2014 A Programmer's Year Part II
Written by Mike James   
Tuesday, 13 January 2015
Article Index
2014 A Programmer's Year Part II
Security and Movies


This was also the year that open source software lost some of its attractiveness as being secure. The idea that many eyes make it difficult for bugs to hide doesn't really seem to cover security imperfections. The first was HeartBleed a silly sort of error in SSL - HeartBleed - The Programmer's View.




Then we had ShellShock, another silly error in Bash -  ShellShock - Yet Another Code Injection Vulnerability. Next we had Poodle which was a bit trickier and more forgivable but by this time the die was cast and open source software started to look like poorly written code -  Poodle Is A Very Different Sort Of Security Breach. Finally we had some buffer overflow problems in NTP and suggestions that the code wasn't really up to scratch - NTP The Latest Open Source Security Problem. Finally a bug in the Git client brought the year to a close - Upgrade Git Client To Avoid Vulnerability.


There was also a lot of non-programming related fuss though the year with basically the suspicion that service companies and ISP were basically obliged to include government back-doors in their systems or that systems were compromised by non-cryptographic means. Overall however at the end of 2014 we are left with the feeling that the basic theoretical framework of cryptography is intact even if there are some doubts about its implementation. An interesting and mostly overlooked news item revealed some of the attitudes of the NSA toward academic cryptographers - What Does The NSA Think Of Cryptographers?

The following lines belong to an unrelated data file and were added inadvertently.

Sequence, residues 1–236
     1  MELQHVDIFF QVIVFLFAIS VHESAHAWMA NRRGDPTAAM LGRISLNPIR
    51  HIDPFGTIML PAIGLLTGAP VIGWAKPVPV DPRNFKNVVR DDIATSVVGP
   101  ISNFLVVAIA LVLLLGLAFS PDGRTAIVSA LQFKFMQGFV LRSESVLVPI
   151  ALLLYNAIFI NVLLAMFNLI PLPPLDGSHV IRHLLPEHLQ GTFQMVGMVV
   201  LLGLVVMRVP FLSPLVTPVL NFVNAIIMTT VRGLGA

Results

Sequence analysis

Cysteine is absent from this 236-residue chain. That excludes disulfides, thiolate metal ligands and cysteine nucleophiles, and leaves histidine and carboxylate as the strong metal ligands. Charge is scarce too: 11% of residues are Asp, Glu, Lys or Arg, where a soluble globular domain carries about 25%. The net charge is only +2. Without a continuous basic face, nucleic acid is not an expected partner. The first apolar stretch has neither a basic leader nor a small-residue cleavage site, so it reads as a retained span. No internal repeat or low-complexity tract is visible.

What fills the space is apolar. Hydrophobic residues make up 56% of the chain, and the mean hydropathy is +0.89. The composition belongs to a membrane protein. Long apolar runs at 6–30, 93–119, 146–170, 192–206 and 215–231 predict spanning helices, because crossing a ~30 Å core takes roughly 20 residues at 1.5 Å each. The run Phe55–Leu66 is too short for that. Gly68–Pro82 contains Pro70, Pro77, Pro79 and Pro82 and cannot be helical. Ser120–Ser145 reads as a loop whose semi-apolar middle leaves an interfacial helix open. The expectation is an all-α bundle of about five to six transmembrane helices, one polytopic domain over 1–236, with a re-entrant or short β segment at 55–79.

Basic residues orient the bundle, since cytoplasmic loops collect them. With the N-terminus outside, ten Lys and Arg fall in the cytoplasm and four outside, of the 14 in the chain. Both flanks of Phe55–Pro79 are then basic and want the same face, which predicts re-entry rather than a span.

It will be interesting to see if in 2015 there is any evidence that cryptosystems are compromised in any other ways other than political and implementations. 

Films Of the Year

We don't do film awards, perhaps we should, but the big film of of the year has to be Benedict Cumberbatch As Alan Turing. It may distort most of the truth out of the story of what happened at Bletchly Park but you can forgive it.


Also worth seeing is the short series starting Jeff 1000 And Summer Glau. This really should make it to the big screen or something.




Announced in 2014 but not released until 2015 are   Chappie - How To Respond To A Thinking Robot and Automata which was billed as This Year's Not-To-Miss AI Movie even though it wont be released until the end of January 2015. 

Finally after reviewing all of the short robot and machine videos we featured over the year the one that leaves us mystified is Robowow - Mows, Vacs And Cleans Your Pool. Why did this one not go viral?



The last word has to be a goodbye to Dr Dobb's. Programmers of a certain age will remember the magazine's tongue in cheek hippy approach in its early years and the way it changed software by publishing sophisticated code - Dr Dobb's Bites The Dust After 38 Years.



Related Articles

2014 - A Keynote

2014 A Programmer's View 


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Last Updated ( Tuesday, 13 January 2015 )